What’s Neural Population Learning?

NeuPL is an efficient general framework that learns and represents policies in symmetric zero-sum games within a single conditional network.

The need for diverse policies for strategy games like StarCraft and poker are addressed by growing a robust policy population by iteratively training new policies against the existing ones. However, the approach has two challenges: Firstly, under a limited budget, the best response operators need truncating, resulting in under-trained good responses. Secondly, repeated learning of basic skills is wasteful and becomes intractable against stronger opponents.

Now, DeepMind and University College London have developed Neural Population Learning (NeuPL) to solve both issues. The researchers discovered that NeuPL guarantees the best responses under mild assumptions by showcasing a single conditional model policy. Moreover, NeuPL helps in transfer learning across policies. The research showed NeuPL can improve performance across various test domains. Additionally, it helps us understand how novel strategies are more accessible when the neural population increases. 


Sign up for your weekly dose of what's up in emerging technology.

RTS and NeuPL

Classical game theory is crucial to learning population strategies. The study uses “rock-paper-scissors” as an example where two strategies (rock, paper) is obtainable. Meanwhile, a distinct population (scissors) can be defeated when both are set in opposition or revealed. It is also shown in Policy Space Response Oracle (PSRO). New policies are trained to respond to an amalgamation of policies with the help of a meta-strategy solver. Finally, a PSRO variation was used to overpower StarCraft in 2019.

In turn-based games, improving strategies means winning or losing. However, performance can sometimes be consequential when a population of pure strategies works against a single population. For example, picking strategies first can always beat a player going second in the meta-game.

There are two implications when the opponent cannot differentiate between good responses and globally optimal best responses. First, as a result, approximate best-response operators are often truncated prematurely as per hand-crafted schedules. Second, real-world games require strategy-agnostic transitive skills, prerequisites to strategic reasoning. However, studying these skills from zero against skilful opponents is difficult.

Using the computational infrastructure of simple self-play makes NeuPL an efficient and general framework that learns and represents policies in symmetric zero-sum games within a single conditional network. Most importantly, NeuPL allows transfer learning across policies that discover ways to overcome strong opponents that were previously inaccessible to comparable baselines.

When a game is completely transitive, every policy shares a similar best response policy. Self-play offers a natural curriculum that converges to this best response. Nevertheless, it is infeasible in real-world games since strategic cycles cannot be ruled out without an exhaustive policy search. In these games, NeuPL retains the ability to capture strategic cycles and falls back to self-play if the game appears transitive.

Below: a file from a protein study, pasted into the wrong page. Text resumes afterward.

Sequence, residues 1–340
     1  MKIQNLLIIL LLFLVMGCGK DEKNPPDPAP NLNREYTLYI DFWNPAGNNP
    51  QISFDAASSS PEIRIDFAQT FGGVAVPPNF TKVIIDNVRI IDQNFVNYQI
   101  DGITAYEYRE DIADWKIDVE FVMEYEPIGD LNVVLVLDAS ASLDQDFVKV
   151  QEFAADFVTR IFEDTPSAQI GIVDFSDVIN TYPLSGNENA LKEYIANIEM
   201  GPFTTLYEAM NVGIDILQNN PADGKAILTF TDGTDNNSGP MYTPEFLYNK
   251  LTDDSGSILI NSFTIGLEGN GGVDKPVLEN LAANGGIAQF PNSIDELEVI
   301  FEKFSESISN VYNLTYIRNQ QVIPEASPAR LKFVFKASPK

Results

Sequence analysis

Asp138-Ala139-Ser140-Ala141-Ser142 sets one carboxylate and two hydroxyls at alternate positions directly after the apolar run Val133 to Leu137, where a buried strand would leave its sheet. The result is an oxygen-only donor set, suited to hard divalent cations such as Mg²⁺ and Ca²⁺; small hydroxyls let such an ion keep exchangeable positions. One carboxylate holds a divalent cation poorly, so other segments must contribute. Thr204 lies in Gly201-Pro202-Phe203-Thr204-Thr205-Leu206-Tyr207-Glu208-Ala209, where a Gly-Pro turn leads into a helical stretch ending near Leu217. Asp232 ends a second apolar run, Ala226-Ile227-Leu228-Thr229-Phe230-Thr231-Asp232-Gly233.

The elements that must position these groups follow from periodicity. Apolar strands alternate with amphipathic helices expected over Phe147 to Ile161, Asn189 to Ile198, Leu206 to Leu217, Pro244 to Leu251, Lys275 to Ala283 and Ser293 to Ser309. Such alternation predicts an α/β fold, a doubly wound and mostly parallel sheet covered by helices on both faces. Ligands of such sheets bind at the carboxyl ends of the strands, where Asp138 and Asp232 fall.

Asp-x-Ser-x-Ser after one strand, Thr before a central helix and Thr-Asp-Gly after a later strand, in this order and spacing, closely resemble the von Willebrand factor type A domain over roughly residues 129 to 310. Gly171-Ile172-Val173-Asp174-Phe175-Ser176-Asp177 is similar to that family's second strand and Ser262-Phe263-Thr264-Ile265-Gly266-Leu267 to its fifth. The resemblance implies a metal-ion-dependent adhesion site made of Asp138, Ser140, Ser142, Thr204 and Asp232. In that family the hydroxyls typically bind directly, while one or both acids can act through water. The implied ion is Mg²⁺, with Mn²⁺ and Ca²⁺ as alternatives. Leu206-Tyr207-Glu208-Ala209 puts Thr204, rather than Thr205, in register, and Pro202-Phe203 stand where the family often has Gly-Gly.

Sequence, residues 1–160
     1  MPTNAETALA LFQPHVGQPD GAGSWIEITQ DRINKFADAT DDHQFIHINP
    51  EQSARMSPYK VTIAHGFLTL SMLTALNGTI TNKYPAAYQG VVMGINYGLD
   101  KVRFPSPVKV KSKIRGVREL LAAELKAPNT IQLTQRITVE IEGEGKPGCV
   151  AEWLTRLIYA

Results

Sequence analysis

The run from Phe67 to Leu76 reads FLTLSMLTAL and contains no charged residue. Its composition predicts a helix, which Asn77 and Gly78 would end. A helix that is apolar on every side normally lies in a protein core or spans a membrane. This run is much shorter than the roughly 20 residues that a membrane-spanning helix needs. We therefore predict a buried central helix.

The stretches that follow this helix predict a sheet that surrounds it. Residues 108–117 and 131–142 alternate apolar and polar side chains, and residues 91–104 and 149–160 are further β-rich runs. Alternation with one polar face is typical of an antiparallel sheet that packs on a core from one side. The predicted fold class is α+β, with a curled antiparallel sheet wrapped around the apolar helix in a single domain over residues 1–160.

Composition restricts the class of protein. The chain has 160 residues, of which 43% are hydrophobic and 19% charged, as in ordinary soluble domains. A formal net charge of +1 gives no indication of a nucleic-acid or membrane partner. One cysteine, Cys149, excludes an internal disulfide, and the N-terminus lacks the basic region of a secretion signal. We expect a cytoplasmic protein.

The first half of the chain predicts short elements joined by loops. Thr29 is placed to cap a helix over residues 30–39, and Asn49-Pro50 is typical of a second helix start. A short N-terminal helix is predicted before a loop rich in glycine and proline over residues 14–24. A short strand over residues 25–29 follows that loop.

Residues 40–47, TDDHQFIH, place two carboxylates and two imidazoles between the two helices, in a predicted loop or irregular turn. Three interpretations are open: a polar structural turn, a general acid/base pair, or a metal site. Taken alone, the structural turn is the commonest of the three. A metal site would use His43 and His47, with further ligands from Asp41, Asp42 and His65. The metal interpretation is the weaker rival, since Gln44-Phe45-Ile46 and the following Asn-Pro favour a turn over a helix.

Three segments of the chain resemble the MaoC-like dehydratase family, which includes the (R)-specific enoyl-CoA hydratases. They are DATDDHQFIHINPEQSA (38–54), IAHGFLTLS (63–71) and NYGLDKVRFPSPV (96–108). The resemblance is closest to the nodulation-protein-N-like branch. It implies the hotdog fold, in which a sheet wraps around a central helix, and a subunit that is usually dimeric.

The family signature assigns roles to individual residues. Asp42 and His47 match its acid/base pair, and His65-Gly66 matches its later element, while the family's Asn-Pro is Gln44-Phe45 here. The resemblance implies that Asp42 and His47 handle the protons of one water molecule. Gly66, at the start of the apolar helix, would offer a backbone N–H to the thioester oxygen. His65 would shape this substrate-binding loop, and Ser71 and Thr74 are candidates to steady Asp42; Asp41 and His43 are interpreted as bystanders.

Previously, similar attempts were made to make population learning scalable. This study proposed pipeline PSRO (P2SRO), which learns iterative best responses simultaneously in a staggered, hierarchical way. It offered a principled way to use additional computation resources while retaining the convergence guarantee of PSRO.

Although it does not induce efficient learning computation per unit, it focuses on the lack of transfer learning across different domains with basic skills re-learned together. Instead, it proposed “Mixed-Oracles”, where knowledge acquired over previous iterations is accumulated via an ensemble of policies. Under this, each policy is trained to respond to a pure meta-game strategy rather than a mixture strategy suggested by the meta-strategy solver.

In comparison, NeuPL allows the transfer and optimises Bayes-optimal objectives head-on. The team also suggested an efficient, general and moral framework to learn and represent various policies in real-world games using a single conditional model. DeepMind and UCL claim the study is a step toward achieving scalable policy space. Furthermore, it seeks to go beyond the symmetric zero-sum setting as a possible direction for future research in this area.

More Great AIM Stories

Akashdeep Arul
Akashdeep Arul is a technology journalist who seeks to analyze the advancements and developments in technology that affect our everyday lives. His articles primarily focus upon the business, cultural, social and entertainment side of the technology sector.

Our Upcoming Events

Masterclass, Virtual
How to achieve real-time AI inference on your CPU
7th Jul

Masterclass, Virtual
How to power applications for the data-driven economy
20th Jul

Conference, in-person (Bangalore)
Cypher 2022
21-23rd Sep

Conference, Virtual
Deep Learning DevCon 2022
29th Oct

3 Ways to Join our Community

Discord Server

Stay Connected with a larger ecosystem of data science and ML Professionals

Telegram Channel

Discover special offers, top stories, upcoming events, and more.

Subscribe to our newsletter

Get the latest updates from AIM

What can SEBI learn from casinos?

It is said that casino AI technology comes with superior risk management systems compared to traditional data analytics that regulators are currently using.

Will Tesla Make (it) in India?

Tesla has struggled with optimising their production because Musk has been intent on manufacturing all the car’s parts independent of other suppliers since 2017.